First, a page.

To the front of the volume of guidance Northwest is developed a system of double skin: in front, a row of vertical sunshades of quebracho boards, and behind a line of carpentry from floor to ceiling. This was required to prevent direct sun radiation and, at the same time, to provide a privacy bellow that protects from the view from the street to the interior.
This volume brings together the functions of living and dining room, integrated bedroom for occasional use (or a room with more intimacy), a small toilet (which separates the dining room from the integrated bedroom) and the kitchen, located on the west end of the volume, separated from living-room by the stairwell that links this level with the volume of the bedrooms.
The volume of ground floor, which is blinder than the elevated volume, is easily resolved by bearing walls and a slab with ring beams.
Moreover, the upper volume is resolved as a bridge supported at one end on the volume of the bedroom and, at the opposite end, on a closing wall which extends to lean on the ground. This slab is supported by two beams that run through to the volume in its longest direction. Towards the front, a 40 cm high beam, and facing the back, an inverted beam works as back parapet for fenestration.
The top slab or roof is supported by two inverted beams hiding the subfloor and the thermal insulation.
The work was done in exposed concrete, a material that unifies in a single element structure and finishing. H21 concrete was used with the addition of a fluidifiant so that this mixture, with little amount of water to harden, results very compact and doesn’t require sealing. Furthermore, the expressive quality of concrete and its resistance and impermeability, made superfluous any type of surface finish. It achieves a low cost of execution at finishing and needless future maintenance.
To adapt the building system used in the forest to this new environment of more extreme conditions was necessary to improve the thermal insulation.
To solve the thermal insulation of the elevated volume cover was made a low density underlayment which is hidden behind two inverted beams.
Furthermore, to improve the insulation of the exterior walls a second concrete wall was constructed on the inside, leaving between the two partitions a space where the insulating material was placed.
Cross ventilation was designed both in the bedrooms and on the main floor to allow air circulation and thus to ensure that the house will be refresh in summer with the sea breeze.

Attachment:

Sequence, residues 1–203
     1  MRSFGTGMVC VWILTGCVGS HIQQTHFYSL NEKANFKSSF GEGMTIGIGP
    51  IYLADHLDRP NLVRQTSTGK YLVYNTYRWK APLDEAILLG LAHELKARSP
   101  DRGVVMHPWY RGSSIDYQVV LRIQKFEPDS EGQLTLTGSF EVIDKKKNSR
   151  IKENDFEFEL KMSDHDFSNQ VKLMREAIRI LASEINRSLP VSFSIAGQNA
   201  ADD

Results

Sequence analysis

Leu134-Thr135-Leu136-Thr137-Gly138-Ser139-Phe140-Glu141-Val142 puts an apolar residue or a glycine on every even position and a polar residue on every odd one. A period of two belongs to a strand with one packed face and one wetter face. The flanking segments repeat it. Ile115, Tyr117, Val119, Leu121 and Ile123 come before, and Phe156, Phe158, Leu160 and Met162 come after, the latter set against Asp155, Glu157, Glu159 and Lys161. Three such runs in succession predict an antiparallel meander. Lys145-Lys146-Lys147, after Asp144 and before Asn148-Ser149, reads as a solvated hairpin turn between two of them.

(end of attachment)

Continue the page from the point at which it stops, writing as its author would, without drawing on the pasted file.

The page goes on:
In the main façade was also implemented a parasols row of red quebracho to avoid the direct incidence of sunlight over the glazed enclosure. Quebracho wood was chosen considering a minimum maintenance.
The heating system of this house is given by the use of hot and cold air conditioners. Was also included a home-salamander to complement the heating system.
The few interior partition walls are of brick, plastered and painted with white latex. Bathrooms feature white enameled ceramic coating on the walls that are not of concrete. The floor cloths are also from concrete screed divided with aluminum plates. The meeting between walls and the floor was resolved with a recessed aluminum profile, as a base.
Light and visual treatment
As detailed above, the book is basically in two volumes in ¨ L intersecting at different levels. The lower volume constitutes the most private part of the house while the higher volume contains the more public area.
The treatment of light and visuals is closely linked to these concepts.
The lower volume is closed towards the western dividing wall to provide privacy to the bedrooms sector (thinking on the future occupations of neighboring lots) and it opens towards the interior of the lot to enjoy the natural environment visuals (outside visual surroundings protected by the abundance of acacia). So we can say that this volume has controlled lighting and is more tightly closed.
In contrast, the higher volume is designed as a completely open and permeable volume, as a semi-covered that rises to enjoy more distant views and greater natural lighting. The implementation of the parasols cushions the impact of sunlight and sifted the entry of sunlight casting long shadows and creating a very special atmosphere, serving also as separation bellows between inside and the private outside, allowing you to see outward but avoiding views inward.
Another resource utilized regarding the natural light is the aperture of two skylights in the roof of the main volume, one on the stairway and the other on the area destined to the fireplace – salamander. The skylight placed on the stairway generates an entry of light which gives hierarchy to the union space of the two volumes vertically. The skylight above the fireplace – salamander area generates a center of attention and hierarchy in the sector of the plan destined to family reunion, while that allows also the illumination of the toilette with natural light.